Estimated delivery 3-5 days

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  • £25.00

    Cantus (on E.D.) - Peter Meechan

    From Leanne Stamp:"As musicians,I think we really identify ourselves and our existence on being musicians. And we collect these teachings and bondsalong our path. But whendoes it happen? When does that moment happen that someone becomes an integral part of the fabric that makes you who you are? Or when can you pinpointthe momentthat you realize that a person was essential in your path? I don’t think we know. And all too many times it isn’t until someone is gone that we truly reflect and try to figure it out.When Ed De'Ath joined our band (Las Vegas Brass Band) he hadn’t played in over 20 years. He heard the brass band and decided he wanted to go back to playing, and within a few weeks became a member of LVBB.He had grown up playing in Canada, where his father was a brass musician too, and Ed was quite an accomplished young euphonium player competing in competitions and playing in Salvation Army bands.But life happened and it lead him away from playing.Even though I was in LVBB a few years before Edjoined, he quickly became an essential part of what makes that group a family. I spent the better part of a decade playing in the same section as him and then about 5 years sitting next to him on either side.Ed always took a sincere interest in myplaying. Praising the good and giving constructive criticism for improvement. For about two years almost every otherSaturdaywasspent playing duets at his house.I left to study at the RNCM in Manchester, UK, before returning to Las Vegas.My first rehearsal back from the RNCM Ed looked at me said, “here you go kiddo, you’ve earned this solo seat”.There was no ego. Only the wish for me to reach my potential. It was always so apparent with Ed the love he shared for the younger musicians and his desire for them to succeed.Ed lit up the room with his enthusiasm and love for music – he just truly loved being there. That special quality that makes a band a family...he knew and treasured that.And although Ed wasn’t my teacher per say, he was an integral part of my fabric.The way Ed left was sudden. He had been fighting bladder cancer in and off for quite a while but things were looking up. Tests were clear. And then a very aggressive pancreatic cancer stole him very quickly, almost without warning.And I will never forget how I felt getting that call. We decided to have rehearsal that night. And for one reason. Because Ed would’ve wanted us to.I will always be grateful to Ed. Grateful that I got tolearn things from him, receive advice, enjoy his company, and feel his love – part of him is with me whenever I play."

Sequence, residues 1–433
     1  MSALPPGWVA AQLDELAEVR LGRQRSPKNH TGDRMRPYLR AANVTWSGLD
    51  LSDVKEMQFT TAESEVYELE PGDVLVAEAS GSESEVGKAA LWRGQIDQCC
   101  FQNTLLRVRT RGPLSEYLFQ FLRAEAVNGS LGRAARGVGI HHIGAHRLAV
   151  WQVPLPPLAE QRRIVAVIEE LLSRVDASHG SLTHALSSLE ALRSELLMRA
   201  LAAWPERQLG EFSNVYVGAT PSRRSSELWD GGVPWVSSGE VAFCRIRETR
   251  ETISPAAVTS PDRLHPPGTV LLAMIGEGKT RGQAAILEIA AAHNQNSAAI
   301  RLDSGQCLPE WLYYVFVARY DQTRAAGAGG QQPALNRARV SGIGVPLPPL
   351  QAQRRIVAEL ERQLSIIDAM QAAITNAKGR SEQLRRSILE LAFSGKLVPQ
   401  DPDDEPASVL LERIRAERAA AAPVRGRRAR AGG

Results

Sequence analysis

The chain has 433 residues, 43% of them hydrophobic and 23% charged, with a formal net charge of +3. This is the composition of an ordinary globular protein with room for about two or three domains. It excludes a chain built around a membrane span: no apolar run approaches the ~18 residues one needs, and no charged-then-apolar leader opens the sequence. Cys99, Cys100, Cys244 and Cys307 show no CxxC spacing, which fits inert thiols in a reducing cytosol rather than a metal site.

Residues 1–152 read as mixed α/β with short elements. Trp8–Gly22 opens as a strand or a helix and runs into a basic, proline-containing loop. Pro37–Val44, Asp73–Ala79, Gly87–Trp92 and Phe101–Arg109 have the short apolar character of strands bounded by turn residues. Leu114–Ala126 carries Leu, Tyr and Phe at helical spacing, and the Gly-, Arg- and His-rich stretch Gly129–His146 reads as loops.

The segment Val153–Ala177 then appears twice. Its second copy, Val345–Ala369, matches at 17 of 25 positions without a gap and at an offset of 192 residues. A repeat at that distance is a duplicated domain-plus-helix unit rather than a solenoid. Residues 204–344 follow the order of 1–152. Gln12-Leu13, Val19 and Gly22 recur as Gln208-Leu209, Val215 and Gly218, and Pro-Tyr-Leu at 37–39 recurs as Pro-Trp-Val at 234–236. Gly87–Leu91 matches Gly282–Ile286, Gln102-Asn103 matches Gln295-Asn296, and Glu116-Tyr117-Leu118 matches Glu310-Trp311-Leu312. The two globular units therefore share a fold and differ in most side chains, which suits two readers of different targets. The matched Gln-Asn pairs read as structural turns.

Estimated delivery 12-14 days
  • £49.95

    Four Cities Symphony - Rodney Newton - -

    This piece was commissioned by the National Contesting Council as the 4th section test piece for the 2008 Regional Brass Band Championships of Great Britain. This symphony (the composer's 12th) has four movements played without a break. The first centres on two aspects of the city of London: its history and pageantry and its role as a busy modern metropolis.The second movement depicts Paris, its street cafes and boulevards and riverside walks, in the form of a romantic waltz. The third movement is constructed around the Gregorian chants of the Lord's Prayer (Pater noster, qui es in caelis) and the Creed (Credo in unum Deum) in an evocation of the city of Rome. After a powerful climax, mysterious tramping footsteps are heard as the ghosts or a Roman legion march through the city by night. The vision fades and the pater noster is heard once again, before the movement is brought to a close with the ancient Ambrosian chant, Christus Vincit, Christus Regnet, Christus Imperat.The final movement is an evocation of the city of Moscow, with its great historic buildings, its turbulent history and its fiery traditional music. At the outset a rather dour folk-like melody is heard which is transformed into a lively Cossack dance.This work is dedicated to Howard Wilson, former principal euphonium of City of Coventry Band who, in 1972, introduced the composer to top section brass band contesting.Rodney Newton, September 2007

    Estimated delivery 3-5 days
  • £74.95

    Euphonium Concerto - Karl Jenkins - -

    This work was commissioned by David Childs who gave the first performance with the BBC Concert Orchestra at the Last Night of the Welsh Proms in 2009. 25 minutes in duration, the concerto is in four movements rather than three, loosely following the 'head-heart-feet-whole body' format of (humanist) symphonic design. Jenkins has stated, 'As is my wont, I've endeavoured to make the concerto somewhat quirky and "off the wall".'It is a work overridingly designed to connect with the listener, arguably Jenkins' greatest gift and a task it achieves with considerable aplomb. The individual movements also stand alone equally well when presented as individual solo items. This version, with brass band accompaniment, is a fantastic addition to the repertoire for any serious 21st century euphonium player!